By Miranda Massie on February 3, 2016
Highlighting heart health in February always seems appropriate. Hearts and love are top of mind at this time of year, and it’s a nice reminder to keep the ol’ ticker in tip-top shape. Heart health check-ups available this month on campus:
- UBC’s Travelling Health Fair: Sign up for a free personalized health screening
- The CAAMPUS project: Sign up for a free heart health assessment
I’d like to say, however, that heart health doesn’t end there. We are keen to focus a lot of time and attention in ensuring that we are physically well, but what about our emotional health? Is it possible to have a physically healthy heart and yet it still be unwell? February can also be a great time to check-in emotionally with an aspect of our health that is often overlooked.
How Healthy is Your Heart?
Say Thank You: Gratitude is a powerful emotion
Practicing gratitude through thanking others or with private acknowledgement has been linked to increased happiness, contentment, pride and hope. Being grateful can also make us more willing to help others. Send someone a thank-you card, or make a list of the people in your life you are grateful for.
More about gratitude
Acknowledge Achievement: Recognizing others is beneficial to their health as well
Only about 50% of staff and faculty at UBC say they receive recognition for their accomplishments at work. Acknowledging colleagues for their efforts and achievements can make a big difference to their wellbeing and engagement so pass it on!
Start now with custom Thank You cards
Laugh Out Loud: positive impacts on both emotional and physical health
Regular laughter reduces emotional tension and improves emotional connections with others as well as self-confidence. Laughter has also been linked to lower blood pressure and increased muscle relaxation.
Connections between Laughter, Humour and Good Health
Fill your paper with the breathings of your heart. –William Wordsworth
This month I invite you to explore what heart health means to you. Finding the right balance between its physical and emotional care can be the best Valentine’s Day gift around!
All my best,
By Guest Contributor on October 1, 2014
Guest Contribution by Dr. Joti Samra
Most of us spend more of our waking hours at work than anywhere else. Work, when going well, can be a tremendous source of fulfillment and positivity in our life. However, when the work environment is unhealthy, it can elevate our stress levels, and increase the likelihood we develop a mood issue such as anxiety or depression.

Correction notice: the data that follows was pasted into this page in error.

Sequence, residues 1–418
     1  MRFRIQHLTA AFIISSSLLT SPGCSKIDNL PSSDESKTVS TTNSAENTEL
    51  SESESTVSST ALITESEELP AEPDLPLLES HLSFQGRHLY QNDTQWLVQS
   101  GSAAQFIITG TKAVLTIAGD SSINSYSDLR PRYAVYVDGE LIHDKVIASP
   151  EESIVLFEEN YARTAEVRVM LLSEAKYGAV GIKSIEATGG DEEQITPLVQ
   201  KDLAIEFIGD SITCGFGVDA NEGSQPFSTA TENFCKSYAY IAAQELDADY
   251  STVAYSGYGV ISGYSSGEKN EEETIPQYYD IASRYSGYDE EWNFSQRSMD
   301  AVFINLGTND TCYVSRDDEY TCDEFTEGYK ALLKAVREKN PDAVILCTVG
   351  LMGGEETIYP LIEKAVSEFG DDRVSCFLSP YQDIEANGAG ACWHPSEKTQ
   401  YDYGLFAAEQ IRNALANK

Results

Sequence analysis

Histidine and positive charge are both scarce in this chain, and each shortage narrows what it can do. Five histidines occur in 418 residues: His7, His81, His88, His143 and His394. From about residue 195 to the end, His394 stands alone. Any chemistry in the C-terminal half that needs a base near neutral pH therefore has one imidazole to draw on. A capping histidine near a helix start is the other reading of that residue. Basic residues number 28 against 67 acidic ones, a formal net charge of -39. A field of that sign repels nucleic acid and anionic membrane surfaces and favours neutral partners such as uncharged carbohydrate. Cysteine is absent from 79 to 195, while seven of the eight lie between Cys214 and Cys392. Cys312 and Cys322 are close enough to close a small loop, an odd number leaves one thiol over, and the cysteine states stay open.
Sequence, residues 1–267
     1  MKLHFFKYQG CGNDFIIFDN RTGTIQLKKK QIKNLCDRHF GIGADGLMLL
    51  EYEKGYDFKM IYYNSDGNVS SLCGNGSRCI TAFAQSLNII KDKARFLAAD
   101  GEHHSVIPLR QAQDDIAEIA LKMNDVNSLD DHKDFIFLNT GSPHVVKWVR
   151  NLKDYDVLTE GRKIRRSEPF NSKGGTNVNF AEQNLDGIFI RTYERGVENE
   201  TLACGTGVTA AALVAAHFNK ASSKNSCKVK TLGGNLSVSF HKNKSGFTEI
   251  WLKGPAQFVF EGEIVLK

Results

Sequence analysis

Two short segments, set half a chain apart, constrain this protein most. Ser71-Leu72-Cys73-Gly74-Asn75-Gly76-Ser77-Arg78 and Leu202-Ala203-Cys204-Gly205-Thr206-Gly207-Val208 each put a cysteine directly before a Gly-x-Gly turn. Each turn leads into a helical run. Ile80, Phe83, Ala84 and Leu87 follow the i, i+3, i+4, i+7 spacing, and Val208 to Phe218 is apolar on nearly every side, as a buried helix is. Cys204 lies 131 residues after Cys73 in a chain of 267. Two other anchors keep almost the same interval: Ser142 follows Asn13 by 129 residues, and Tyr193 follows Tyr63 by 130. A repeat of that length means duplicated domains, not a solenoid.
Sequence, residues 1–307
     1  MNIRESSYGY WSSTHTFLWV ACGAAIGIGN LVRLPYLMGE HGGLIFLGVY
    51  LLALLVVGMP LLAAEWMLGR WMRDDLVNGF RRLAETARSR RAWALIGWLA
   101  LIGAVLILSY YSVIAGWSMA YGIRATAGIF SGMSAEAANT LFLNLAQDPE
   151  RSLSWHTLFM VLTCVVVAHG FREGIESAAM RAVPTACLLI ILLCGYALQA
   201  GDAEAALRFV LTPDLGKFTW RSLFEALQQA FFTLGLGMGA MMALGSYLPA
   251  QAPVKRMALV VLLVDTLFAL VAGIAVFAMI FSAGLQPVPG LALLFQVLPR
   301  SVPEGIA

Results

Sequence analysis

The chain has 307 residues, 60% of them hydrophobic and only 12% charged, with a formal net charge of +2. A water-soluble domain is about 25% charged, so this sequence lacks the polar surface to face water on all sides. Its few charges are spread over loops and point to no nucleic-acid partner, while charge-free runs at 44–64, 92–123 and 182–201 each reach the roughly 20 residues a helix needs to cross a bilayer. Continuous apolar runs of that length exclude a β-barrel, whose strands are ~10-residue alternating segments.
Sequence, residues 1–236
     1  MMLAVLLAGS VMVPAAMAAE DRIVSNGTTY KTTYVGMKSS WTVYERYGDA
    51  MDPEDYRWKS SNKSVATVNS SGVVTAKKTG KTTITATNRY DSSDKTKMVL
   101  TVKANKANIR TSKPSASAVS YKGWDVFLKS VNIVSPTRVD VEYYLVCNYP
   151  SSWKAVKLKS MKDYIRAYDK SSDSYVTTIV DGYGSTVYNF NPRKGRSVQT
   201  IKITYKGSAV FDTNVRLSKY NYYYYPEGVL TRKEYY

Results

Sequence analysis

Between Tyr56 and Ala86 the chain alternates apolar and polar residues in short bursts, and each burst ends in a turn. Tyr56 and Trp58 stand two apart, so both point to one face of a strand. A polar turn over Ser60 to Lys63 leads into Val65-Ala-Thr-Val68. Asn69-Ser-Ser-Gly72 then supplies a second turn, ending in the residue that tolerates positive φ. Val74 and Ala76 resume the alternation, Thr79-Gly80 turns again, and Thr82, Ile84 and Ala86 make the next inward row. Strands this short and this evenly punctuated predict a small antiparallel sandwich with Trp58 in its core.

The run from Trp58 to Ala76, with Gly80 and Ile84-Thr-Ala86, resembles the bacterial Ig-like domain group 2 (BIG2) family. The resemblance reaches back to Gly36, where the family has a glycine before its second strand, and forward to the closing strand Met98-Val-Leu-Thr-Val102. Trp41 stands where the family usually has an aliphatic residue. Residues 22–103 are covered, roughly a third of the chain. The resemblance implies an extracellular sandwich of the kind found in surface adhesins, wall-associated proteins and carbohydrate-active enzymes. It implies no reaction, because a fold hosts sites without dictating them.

There are a number of key elements that comprise a psychologically healthy workplace: one key element of a good workplace environment is one that provides recognition and reward to its employees.
Employee recognition efforts reward employees for their contributions to a work team, unit or department, both at the individual and collective level. Recognition can take a number of forms that are formal and informal, monetary and non-monetary.
Some ways to recognize and reward employee contributions include:
- Acknowledgement of contributions and milestones
- Employee awards
- Recognition ceremonies [From: APA Center for Organizational Excellence, www.apaexcellence.org]
These types of efforts have a number of positive impacts and help employees feel valued and appreciated as they boost employees’ level of satisfaction, morale, and self-esteem. This results in positive benefits across an organization in terms of higher employee engagement and productivity. Organizations that recognize and reward employees’ efforts have lower turnover, and are able to attract and retain top employees.
Ask yourself what you can do today to recognize or reward – informally or formally – someone who has gone the extra mile in your work team!
Learn more about UBC’s Rewards and Recognition Programs here.
Dr. Joti Samra, R.Psych., is a clinical psychologist and organizational and media consultant. She is the host of OWN: Oprah Winfrey Network’s “Million Dollar Neighbourhood” and was the psychological consultant to CITY-TV’s “The Bachelor Canada”. She has also served as a psychological consultant and expert to a number of other TV shows and news outlets. Dr. Samra maintains a clinical practice in Vancouver. Her website is www.drjotisamra.com and she can be followed @drjotisamra